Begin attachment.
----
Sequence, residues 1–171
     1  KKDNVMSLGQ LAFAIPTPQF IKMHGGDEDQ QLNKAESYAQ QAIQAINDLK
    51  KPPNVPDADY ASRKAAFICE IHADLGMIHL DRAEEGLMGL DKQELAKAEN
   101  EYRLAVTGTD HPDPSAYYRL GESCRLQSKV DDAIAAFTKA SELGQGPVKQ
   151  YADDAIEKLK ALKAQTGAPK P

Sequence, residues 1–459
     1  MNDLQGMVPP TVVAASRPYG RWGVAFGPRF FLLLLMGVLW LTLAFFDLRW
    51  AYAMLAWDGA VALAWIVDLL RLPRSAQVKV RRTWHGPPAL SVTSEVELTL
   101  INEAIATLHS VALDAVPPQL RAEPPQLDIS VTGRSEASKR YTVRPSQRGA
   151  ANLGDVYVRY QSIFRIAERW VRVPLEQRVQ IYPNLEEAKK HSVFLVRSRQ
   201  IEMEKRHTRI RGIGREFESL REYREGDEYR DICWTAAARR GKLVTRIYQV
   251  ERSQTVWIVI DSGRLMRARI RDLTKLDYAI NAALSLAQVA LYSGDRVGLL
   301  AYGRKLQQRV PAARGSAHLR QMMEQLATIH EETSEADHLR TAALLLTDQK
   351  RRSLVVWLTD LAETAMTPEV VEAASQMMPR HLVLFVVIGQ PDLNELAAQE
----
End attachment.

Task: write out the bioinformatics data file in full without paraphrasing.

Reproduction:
Sequence, residues 1–171
     1  KKDNVMSLGQ LAFAIPTPQF IKMHGGDEDQ QLNKAESYAQ QAIQAINDLK
    51  KPPNVPDADY ASRKAAFICE IHADLGMIHL DRAEEGLMGL DKQELAKAEN
   101  EYRLAVTGTD HPDPSAYYRL GESCRLQSKV DDAIAAFTKA SELGQGPVKQ
   151  YADDAIEKLK ALKAQTGAPK P

Sequence, residues 1–459
     1  MNDLQGMVPP TVVAASRPYG RWGVAFGPRF FLLLLMGVLW LTLAFFDLRW
    51  AYAMLAWDGA VALAWIVDLL RLPRSAQVKV RRTWHGPPAL SVTSEVELTL
   101  INEAIATLHS VALDAVPPQL RAEPPQLDIS VTGRSEASKR YTVRPSQRGA
   151  ANLGDVYVRY QSIFRIAERW VRVPLEQRVQ IYPNLEEAKK HSVFLVRSRQ
   201  IEMEKRHTRI RGIGREFESL REYREGDEYR DICWTAAARR GKLVTRIYQV
   251  ERSQTVWIVI DSGRLMRARI RDLTKLDYAI NAALSLAQVA LYSGDRVGLL
   301  AYGRKLQQRV PAARGSAHLR QMMEQLATIH EETSEADHLR TAALLLTDQK
   351  RRSLVVWLTD LAETAMTPEV VEAASQMMPR HLVLFVVIGQ PDLNELAAQE